Built Environments #7: A Presentation on Former Atlanta Public Housing Residents

1: Vulnerable Populations: A Spotlight on Atlanta’s Public Housing Developments
– this is a presentation that I gave in March on a report:
Moved Out to Where?
Initial Relocation Destinations of Former Public Housing Residents in Atlanta
A Preliminary Brief
Georgia State University
Urban Health Initiative
– it’s about former public housing residents in Atlanta and where they relocated when there complexes were demolished
– the background info comes from that report and some other places, all of the charts and graphs come from that same GSU report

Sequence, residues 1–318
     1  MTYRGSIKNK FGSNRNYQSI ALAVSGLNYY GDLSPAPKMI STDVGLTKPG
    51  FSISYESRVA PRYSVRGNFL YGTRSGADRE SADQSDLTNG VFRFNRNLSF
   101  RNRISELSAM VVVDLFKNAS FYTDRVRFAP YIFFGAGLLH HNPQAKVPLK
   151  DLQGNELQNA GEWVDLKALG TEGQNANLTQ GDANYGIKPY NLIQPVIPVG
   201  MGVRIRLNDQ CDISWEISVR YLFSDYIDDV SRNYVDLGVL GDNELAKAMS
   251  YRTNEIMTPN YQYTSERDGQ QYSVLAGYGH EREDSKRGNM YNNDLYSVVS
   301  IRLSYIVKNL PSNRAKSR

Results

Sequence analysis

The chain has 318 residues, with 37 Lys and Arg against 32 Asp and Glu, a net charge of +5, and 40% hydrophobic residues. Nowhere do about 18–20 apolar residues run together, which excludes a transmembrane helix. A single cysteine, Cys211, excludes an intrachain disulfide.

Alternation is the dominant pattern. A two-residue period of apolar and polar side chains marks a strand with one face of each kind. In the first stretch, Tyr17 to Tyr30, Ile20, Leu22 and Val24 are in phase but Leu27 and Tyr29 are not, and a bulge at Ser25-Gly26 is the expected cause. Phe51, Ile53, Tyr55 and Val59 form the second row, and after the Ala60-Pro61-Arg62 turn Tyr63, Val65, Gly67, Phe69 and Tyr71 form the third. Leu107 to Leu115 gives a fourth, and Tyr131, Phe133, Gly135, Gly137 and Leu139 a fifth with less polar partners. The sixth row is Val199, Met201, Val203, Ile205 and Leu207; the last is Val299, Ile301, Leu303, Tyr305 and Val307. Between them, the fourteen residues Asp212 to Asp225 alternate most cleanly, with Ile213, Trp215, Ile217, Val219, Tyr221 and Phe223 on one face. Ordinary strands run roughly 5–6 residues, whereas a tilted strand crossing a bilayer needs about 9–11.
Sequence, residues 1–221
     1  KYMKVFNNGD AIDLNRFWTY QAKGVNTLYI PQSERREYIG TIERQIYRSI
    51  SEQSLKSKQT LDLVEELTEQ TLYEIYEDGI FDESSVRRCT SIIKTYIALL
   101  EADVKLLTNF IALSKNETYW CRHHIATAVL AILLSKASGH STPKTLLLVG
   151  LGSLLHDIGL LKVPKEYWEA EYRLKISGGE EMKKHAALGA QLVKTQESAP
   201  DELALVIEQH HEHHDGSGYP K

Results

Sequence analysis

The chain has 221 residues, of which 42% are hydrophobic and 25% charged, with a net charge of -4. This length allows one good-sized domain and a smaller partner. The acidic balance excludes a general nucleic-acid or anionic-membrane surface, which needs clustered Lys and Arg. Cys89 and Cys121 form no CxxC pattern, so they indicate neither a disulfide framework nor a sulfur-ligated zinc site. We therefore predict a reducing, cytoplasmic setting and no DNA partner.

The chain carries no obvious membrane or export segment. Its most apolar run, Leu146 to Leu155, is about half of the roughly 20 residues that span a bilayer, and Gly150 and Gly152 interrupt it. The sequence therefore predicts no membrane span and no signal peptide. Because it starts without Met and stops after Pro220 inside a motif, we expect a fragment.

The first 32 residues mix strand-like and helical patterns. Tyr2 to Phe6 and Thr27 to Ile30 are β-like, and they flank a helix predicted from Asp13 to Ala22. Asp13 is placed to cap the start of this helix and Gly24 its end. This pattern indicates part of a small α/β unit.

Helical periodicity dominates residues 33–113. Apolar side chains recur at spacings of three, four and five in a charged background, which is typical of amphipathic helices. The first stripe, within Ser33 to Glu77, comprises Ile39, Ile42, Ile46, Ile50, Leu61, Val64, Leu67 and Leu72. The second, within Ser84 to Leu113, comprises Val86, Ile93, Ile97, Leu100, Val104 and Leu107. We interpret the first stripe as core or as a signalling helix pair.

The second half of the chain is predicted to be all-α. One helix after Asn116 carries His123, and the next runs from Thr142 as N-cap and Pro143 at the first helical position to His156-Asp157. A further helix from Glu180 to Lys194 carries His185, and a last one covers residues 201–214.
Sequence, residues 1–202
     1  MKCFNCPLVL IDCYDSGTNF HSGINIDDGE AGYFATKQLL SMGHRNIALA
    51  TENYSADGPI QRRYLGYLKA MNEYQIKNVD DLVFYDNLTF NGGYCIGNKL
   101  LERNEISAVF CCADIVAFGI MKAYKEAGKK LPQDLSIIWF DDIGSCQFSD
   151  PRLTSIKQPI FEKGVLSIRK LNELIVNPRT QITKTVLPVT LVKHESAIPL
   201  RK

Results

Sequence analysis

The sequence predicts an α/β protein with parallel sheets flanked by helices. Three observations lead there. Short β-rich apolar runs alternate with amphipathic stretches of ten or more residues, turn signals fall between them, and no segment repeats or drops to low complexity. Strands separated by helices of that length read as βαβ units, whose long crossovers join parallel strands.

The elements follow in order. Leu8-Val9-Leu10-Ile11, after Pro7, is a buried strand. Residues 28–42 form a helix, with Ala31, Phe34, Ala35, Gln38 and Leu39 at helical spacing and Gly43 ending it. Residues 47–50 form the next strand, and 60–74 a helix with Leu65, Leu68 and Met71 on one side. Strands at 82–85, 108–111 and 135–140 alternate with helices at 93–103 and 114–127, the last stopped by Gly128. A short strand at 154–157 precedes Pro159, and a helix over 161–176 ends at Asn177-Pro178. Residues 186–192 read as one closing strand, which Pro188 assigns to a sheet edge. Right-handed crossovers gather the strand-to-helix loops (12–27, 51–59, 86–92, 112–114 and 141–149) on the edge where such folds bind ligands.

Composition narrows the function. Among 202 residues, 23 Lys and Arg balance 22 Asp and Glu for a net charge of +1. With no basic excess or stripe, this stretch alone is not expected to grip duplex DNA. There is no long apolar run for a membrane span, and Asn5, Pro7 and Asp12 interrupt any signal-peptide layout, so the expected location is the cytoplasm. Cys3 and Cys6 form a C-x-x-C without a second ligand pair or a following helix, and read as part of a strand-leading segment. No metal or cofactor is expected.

2.“Public health should advocate and work for the empowerment of disenfranchised community members, aiming to ensure that the basic resources and conditions necessary for health are accessible to all” – American Public Health Association, Public Health Leadership Society 2002

3. Learning Objectives

  • -identify what risk factors contribute to vulnerability in urban settings
  • identify vulnerable populations in metro-Atlanta
  • identify environmental features (including those of the built environment) that may increase the harm of other risk factors 
  • create a Built Environment that addresses the risk factors of low-income vulnerable populations in Atlanta

4. Old school housing projects

5. Former Housing Projects in Atlanta